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Figure 9. A spikelet from native Phragmites australis ssp. americanus with the second glume about 8 mm long.

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Figure 10. A spikelet from exotic Phragmites australis ssp. australis with the second glume about 6 mm long.

Care needs to be taken to measure the glumes and not the lemmas, which are often still present in fall and winter. In addition, other floral parts may be present in the spikelet above glumes and lemmas, particularly in the fall. The first glume is nearest the base of the spikelet, and the second glume attaches immediately above and opposite the first glume. I recommend use of a hand lens to ensure measurement of the correct parts. The discussion of grass morphology in a field guide, such as Judziewicz and others’ Field Guide to Wisconsin Grasses should be helpful for learning these parts. Learning them in order to identify Phragmites will also expand your ability to identify grasses in general. Figure 11 shows exotic and native spikelets side by side.

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Figure ll. Comparison of exotic and native spikelets.

6) The native tends to form loose stands in which other species of plants are able to grow (Figure 12). The exotic tends to form dense stands that are nearly monocultures or that greatly reduce the growth and vigor of co-occuring species (Figure 13). This is why the exotic is a problem. Apply this characteristic with caution, however, because exceptionally nutrient-rich sites, nutrient poor sites, and sites that generally cause the plants stress can lead to altered stand density and vigor.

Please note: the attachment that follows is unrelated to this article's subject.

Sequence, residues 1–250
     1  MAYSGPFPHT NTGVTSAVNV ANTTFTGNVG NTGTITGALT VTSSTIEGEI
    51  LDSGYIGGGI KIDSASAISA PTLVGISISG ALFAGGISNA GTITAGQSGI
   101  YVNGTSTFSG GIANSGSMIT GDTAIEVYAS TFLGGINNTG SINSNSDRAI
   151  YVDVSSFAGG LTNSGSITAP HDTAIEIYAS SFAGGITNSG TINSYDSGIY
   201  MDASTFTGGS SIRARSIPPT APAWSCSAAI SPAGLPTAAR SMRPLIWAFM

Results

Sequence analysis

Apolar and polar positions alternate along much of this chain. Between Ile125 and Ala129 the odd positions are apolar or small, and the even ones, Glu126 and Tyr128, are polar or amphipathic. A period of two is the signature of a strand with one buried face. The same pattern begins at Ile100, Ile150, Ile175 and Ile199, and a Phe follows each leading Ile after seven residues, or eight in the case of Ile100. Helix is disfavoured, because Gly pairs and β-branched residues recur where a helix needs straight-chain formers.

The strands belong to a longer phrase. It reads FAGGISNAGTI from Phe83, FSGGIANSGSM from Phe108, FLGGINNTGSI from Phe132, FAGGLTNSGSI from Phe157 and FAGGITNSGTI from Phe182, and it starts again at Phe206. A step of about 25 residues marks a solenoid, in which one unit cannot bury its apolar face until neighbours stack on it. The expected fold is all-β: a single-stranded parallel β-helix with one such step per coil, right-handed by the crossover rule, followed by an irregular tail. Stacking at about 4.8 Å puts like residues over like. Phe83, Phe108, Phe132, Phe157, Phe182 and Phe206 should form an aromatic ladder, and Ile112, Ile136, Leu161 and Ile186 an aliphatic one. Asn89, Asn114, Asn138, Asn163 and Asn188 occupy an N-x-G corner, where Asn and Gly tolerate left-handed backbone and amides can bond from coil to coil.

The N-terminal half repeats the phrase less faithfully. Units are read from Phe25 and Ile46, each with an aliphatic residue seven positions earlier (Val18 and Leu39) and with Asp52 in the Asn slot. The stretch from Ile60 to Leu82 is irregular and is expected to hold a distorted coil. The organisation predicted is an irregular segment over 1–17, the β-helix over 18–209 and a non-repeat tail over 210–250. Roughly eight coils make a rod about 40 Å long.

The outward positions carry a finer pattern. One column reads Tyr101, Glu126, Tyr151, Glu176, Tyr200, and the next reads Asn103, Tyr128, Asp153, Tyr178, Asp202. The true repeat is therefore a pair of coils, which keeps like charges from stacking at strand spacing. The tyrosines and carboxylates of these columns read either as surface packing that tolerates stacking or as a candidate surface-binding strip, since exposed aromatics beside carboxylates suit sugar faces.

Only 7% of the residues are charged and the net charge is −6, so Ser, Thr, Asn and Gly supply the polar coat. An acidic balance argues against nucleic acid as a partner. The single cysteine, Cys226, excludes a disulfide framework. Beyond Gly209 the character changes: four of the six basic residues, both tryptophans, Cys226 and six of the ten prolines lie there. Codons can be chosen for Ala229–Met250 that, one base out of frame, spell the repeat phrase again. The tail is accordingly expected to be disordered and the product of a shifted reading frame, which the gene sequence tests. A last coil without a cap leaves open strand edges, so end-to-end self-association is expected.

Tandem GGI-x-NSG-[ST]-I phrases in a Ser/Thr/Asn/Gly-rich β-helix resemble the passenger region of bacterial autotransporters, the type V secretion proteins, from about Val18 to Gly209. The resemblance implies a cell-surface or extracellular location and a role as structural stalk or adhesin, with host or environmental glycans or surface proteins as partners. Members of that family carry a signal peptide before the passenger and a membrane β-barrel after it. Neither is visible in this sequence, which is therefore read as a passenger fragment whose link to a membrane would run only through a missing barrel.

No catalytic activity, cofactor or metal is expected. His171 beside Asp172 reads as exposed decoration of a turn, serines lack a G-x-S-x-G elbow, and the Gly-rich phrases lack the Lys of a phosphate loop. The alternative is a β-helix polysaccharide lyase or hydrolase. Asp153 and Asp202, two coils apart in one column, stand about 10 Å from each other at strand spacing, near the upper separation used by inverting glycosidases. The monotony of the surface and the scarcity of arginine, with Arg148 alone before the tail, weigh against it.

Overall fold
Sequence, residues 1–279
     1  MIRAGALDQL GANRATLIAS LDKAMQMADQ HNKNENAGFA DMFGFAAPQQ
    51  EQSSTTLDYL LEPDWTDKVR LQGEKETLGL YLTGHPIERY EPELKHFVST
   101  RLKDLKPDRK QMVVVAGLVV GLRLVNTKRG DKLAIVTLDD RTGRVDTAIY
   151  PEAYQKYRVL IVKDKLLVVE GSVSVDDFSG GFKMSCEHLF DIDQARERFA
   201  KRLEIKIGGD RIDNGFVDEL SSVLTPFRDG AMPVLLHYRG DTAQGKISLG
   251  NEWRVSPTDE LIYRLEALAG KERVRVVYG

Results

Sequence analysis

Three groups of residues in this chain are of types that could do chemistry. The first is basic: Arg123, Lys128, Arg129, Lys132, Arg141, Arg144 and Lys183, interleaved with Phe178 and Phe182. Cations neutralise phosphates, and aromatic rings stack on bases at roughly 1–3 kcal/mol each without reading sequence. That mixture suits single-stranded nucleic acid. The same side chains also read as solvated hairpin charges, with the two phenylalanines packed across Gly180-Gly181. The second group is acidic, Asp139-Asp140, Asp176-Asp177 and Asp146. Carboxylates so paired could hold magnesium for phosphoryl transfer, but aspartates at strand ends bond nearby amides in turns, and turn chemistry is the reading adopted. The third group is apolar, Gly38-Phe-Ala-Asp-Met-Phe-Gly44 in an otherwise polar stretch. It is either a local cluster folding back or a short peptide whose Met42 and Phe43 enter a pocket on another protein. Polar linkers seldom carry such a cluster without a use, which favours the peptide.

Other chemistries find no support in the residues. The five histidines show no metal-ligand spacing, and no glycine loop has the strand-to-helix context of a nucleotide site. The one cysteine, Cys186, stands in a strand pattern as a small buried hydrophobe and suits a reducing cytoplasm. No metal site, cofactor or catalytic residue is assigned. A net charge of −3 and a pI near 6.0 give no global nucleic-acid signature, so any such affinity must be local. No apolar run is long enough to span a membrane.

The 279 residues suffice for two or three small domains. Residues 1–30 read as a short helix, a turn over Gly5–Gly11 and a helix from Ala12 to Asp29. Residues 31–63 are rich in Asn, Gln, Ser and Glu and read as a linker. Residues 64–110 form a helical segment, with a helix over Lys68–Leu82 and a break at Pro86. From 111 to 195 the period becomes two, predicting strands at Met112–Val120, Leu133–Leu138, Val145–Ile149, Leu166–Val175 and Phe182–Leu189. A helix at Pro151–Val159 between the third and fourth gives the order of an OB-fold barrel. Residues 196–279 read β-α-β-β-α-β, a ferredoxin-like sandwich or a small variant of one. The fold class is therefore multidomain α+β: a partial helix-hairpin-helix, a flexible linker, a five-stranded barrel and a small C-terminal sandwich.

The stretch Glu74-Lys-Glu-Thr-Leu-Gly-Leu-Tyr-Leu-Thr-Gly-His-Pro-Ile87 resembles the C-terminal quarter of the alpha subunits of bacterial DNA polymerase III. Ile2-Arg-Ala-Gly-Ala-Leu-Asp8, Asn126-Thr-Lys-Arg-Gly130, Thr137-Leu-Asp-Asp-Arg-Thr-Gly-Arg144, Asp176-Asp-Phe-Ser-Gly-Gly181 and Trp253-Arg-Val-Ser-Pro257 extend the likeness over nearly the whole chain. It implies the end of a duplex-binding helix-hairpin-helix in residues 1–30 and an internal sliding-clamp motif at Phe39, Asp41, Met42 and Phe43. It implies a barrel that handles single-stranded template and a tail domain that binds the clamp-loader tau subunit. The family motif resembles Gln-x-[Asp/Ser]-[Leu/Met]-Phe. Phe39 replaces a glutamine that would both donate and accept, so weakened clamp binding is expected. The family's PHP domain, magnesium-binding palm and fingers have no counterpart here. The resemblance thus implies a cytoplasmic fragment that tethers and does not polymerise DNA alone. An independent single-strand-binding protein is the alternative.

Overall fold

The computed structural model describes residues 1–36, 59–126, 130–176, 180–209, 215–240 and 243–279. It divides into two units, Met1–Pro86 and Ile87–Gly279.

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Figure 13. View from within the middle of a large patch of native Phragmites australis ssp. americanus. Note how there is a continuous layer of vegetation, though partially snow-covered, beneath the Phragmites. This patch was easy to walk through, and the canopy cover of Phragmites here was likely less than 20% during the growing season.

Don’t judge the density of Phragmites patches from far away. A large patch of native Phragmites australis ssp. americanus can appear to be more dense than it truly is when viewed from the side and from a distance (Figure 14). Instead, get up close.

 

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Figure 14. The same patch of native Phragmites australis ssp. americanus in figure 11 viewed from far away. It only appears to be dense, because of the size (depth) of the patch, and because there are some cattails mixed in that are similar in winter color.

The below table summarizes and lists, from what I consider to be the most reliable (top) to least reliable (bottom), the characteristics for fall and winter identification of Phragmites discussed above. Phrag_table.jpgThe size of the ligules is another distinguishing characteristic, but ligules are better used in summer, because they have largely deteriorated or the leaves they are on have been shed by late fall and winter, so that’s another post for another season.